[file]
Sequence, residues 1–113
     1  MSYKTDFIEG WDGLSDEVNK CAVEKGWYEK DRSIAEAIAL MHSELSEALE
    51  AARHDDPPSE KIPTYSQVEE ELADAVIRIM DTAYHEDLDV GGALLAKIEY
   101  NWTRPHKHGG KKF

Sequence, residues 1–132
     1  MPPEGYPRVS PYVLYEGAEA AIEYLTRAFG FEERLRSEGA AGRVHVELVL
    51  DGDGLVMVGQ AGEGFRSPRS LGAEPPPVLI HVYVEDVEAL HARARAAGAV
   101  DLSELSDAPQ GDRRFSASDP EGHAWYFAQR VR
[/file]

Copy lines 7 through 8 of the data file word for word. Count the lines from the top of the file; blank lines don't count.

    51  DGDGLVMVGQ AGEGFRSPRS LGAEPPPVLI HVYVEDVEAL HARARAAGAV
   101  DLSELSDAPQ GDRRFSASDP EGHAWYFAQR VR